Laser and sensor research to be advanced by new inquiries into plasmonic-photonic crystals

A paper by Kazan Federal University appeared in Plasmonics


Credit: Kazan Federal University

A group of researchers led by Professor Myakzyum Salakhov has been working on the problem of optical states in plasmonic-photonic crystals (PPCs). The group mostly consists of young scientists, some of whom started their participation in the project during their student years.

First Category Engineer Artyom Koryukin comments that the research was dedicated to modelling light transmission throughout photonic crystals with a continuous gold layer on their surface. Photonic crystals don’t pass a certain wavelength (color) of light. This is called the photonic bandgap – the range of light wavelength where propagation through a crystal is difficult. PPCs, on the contrary, allow the passing of light of a certain wavelength in this photonic bandgap. The problem of three-dimensional opal-like PPCs (OLPPCs), however, is that they don’t admit light of certain wavelengths.

In this work, conditions are defined for the passing of a beam of light with the wavelength of the photonic bandgap and certain polarization through an OLPPC. To achieve this goal, different versions of PPCs were modelled. The main conditions to pass such a beam are both the continuity of the gold layer with thickness of about 40 nm and the use of light with polarization. Transmittance of light across a PPC is accompanied by excitations of the optical Tamm states. One- dimensional PPC has a light transmission pass bands inside the photonic bandgap in both polarizations. Three-dimensional PPCs do not have light transmission pass bands inside the photonic bandgap because of a non-continuous gold layer (shaped like separate nano-caps or nano-crescents on the surface of a PPC). So the used OLPPCs have this unique feature – they have a light transmission pass band inside the photonic bandgap with certain polarization due to the excitation of the hybrid mode of the optical states.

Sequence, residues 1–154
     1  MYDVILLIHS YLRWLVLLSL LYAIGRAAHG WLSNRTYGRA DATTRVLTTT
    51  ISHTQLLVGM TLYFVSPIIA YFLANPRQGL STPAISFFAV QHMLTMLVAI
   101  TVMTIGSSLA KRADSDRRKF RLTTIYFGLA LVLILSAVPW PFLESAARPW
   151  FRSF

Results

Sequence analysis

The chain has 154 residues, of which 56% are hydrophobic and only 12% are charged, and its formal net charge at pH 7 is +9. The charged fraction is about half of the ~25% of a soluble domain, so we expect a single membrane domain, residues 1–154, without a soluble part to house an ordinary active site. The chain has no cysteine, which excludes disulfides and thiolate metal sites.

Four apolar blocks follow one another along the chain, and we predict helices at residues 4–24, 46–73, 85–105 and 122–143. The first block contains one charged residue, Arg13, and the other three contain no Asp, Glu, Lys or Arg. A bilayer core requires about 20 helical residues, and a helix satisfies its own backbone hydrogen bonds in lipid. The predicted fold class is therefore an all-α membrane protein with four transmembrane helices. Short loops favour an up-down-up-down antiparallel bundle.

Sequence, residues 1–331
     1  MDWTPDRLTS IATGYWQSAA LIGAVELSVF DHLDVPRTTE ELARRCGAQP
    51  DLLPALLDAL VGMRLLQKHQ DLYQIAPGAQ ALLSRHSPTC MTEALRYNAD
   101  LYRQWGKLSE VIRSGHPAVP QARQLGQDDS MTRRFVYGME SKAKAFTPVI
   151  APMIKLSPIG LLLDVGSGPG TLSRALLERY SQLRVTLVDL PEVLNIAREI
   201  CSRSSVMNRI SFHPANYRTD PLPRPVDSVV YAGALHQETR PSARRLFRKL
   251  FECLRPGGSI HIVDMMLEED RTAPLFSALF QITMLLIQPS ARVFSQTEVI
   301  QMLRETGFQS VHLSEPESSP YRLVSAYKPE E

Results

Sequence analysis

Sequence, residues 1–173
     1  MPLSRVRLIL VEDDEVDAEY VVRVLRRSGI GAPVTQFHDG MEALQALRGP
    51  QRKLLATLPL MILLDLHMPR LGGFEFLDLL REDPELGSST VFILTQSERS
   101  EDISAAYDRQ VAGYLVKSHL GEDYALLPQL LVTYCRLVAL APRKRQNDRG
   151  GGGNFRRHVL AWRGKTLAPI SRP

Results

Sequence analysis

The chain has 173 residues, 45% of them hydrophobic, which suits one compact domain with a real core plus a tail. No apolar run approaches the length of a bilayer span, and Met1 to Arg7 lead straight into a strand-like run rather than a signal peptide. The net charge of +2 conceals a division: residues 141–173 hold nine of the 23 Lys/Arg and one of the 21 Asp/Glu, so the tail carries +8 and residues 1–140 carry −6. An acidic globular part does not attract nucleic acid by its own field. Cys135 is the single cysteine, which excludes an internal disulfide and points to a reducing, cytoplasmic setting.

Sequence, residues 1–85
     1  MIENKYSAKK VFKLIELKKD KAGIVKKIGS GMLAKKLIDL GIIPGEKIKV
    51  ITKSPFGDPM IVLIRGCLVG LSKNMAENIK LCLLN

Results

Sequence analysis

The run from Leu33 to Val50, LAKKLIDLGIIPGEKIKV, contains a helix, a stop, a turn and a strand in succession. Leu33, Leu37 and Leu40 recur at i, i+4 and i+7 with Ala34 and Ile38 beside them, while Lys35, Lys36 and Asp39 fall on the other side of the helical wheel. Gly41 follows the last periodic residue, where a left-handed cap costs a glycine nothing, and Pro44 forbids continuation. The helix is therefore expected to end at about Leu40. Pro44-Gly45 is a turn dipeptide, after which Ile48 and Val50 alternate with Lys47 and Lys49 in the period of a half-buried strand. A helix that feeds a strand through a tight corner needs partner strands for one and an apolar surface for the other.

OLPPCs with the hybrid mode of the optical states can be used in high-polarization-sensitive sensors. “We assume that the hybrid mode can be useful for improving the control of light in PPCs. New types of resonators based on OLPPCs can be used for the strong interaction of light and matter,” adds Mr. Koryukin.

The group is planning to create a theoretical description of the model of such processes. Additionally, they want to find effective applications for OLPPCs, such as strong light-matter interactions with a single photon source.


NB: This paper was first made available online in November 2018 with a print versions following in August 2019.

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